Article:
I’ve mentioned before that something that used to surprise me is that when that an American sees a random person walking along the street, they’re quite likely to ask, ‘How are you doing?’ This is someone they don’t know and who they’re unlikely to meet again. Aside from the intrusiveness of the question, do they really want to know?
Foreign visitors are often surprised by American friendliness too. ‘Is it fake?’ they ask. I don’t think so. I think it’s rather like a Tagalog speaker who greets people with ‘Where are you going?’ expecting the answer ‘Over there’; or a Taiwanese speaker who greets you with ‘Have you eaten yet?’, when they have no intention of inviting you for a meal; In China, a greeting might go ‘Old Zhang, are you busy today?’ Rather than ‘Less of the old, please’ the standard response is ‘Very busy’ or ‘Not very busy’. What we’re looking at here are rituals, procedures we all follow without thinking about them.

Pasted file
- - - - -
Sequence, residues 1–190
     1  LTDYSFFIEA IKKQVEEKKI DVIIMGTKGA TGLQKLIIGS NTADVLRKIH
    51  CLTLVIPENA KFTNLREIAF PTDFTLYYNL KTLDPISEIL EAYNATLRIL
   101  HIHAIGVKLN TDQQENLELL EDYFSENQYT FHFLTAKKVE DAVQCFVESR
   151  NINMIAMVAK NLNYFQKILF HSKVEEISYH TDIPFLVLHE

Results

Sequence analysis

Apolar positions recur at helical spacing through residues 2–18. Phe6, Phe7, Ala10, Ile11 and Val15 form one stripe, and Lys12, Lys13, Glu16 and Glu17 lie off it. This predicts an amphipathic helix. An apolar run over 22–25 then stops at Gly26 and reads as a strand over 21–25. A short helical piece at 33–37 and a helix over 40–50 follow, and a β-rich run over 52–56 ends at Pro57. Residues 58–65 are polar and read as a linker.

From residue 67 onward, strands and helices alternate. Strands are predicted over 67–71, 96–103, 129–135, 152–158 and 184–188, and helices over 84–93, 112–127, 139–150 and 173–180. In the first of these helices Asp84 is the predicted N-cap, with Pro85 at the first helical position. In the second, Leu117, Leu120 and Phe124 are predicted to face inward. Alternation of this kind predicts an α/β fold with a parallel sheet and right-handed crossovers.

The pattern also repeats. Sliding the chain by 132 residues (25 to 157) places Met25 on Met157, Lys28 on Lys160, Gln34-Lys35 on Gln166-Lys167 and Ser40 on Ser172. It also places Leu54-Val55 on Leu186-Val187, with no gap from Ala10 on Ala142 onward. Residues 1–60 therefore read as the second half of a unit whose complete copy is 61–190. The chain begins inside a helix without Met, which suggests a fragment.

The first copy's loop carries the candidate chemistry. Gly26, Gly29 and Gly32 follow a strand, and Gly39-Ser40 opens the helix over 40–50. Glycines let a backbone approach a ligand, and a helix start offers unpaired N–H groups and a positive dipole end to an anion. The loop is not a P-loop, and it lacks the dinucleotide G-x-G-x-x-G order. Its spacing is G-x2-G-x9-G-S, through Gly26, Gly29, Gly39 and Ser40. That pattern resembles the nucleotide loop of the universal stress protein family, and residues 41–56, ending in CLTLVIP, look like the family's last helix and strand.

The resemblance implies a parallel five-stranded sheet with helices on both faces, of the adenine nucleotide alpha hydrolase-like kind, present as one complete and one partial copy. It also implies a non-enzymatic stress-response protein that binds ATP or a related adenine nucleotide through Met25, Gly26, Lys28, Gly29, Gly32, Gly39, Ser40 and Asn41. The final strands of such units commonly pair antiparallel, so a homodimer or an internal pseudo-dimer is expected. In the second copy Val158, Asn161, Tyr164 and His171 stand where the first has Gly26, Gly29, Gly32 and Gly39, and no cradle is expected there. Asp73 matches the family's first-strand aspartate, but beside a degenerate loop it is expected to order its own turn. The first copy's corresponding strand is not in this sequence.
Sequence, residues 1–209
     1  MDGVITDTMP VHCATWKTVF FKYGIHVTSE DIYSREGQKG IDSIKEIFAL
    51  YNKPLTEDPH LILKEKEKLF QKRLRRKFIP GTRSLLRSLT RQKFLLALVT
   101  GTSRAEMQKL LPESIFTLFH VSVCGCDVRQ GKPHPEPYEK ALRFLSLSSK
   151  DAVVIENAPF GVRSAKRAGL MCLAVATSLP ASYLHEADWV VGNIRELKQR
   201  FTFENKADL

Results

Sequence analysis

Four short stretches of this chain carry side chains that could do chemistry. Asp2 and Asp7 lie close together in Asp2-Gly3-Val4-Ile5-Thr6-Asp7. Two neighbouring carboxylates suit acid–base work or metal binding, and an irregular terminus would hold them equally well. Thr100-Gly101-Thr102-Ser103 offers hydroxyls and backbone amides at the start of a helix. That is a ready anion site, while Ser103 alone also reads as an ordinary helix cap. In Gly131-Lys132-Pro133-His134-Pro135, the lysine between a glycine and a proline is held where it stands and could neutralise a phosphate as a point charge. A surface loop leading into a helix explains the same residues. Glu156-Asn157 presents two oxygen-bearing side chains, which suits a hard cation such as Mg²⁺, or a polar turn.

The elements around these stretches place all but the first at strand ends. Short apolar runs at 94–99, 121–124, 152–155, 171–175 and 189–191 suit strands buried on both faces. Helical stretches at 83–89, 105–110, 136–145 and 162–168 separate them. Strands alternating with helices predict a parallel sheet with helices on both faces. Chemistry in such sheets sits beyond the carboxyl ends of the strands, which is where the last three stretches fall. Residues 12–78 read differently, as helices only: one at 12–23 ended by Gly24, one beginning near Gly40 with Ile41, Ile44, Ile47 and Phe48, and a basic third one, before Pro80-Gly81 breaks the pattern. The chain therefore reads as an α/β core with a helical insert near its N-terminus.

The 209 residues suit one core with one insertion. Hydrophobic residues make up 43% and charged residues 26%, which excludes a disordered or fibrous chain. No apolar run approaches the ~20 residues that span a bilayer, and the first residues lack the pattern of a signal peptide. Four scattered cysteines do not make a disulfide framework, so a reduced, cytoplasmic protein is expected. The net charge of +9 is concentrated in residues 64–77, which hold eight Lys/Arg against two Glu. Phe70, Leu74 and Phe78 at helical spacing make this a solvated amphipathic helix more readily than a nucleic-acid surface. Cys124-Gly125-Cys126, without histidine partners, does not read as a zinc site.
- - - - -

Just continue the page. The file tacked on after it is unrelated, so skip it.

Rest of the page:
The ritual for greeting a passer-by is different in the UK. As a rule, we don’t. It’s not that we want to be unsociable but they might be engaged in their own thoughts and we wouldn’t want to intrude. Should something embarrassing happen, like our eyes accidentally meeting, a brief nod or ‘Morning’ enables us both to swiftly pass on.
The British non-intrusion approach and also operates when we’re at an event like a party, even though everyone knows the purpose for being there is to socialize. After fortifying ourselves with a couple of glasses of wine, we might signal our willingness to talk by passing a comment on the weather, or food or something happening in the room at the time. But we haven’t yet mastered the art of going up to strangers, sticking out our hand and saying, ‘Hi I’m Vicki from Pennsylvania.’ I was astonished with the aplomb with which Americans handled that when I came here.
Another similar post on farewells: http://www.vickihollett.com/?p=1406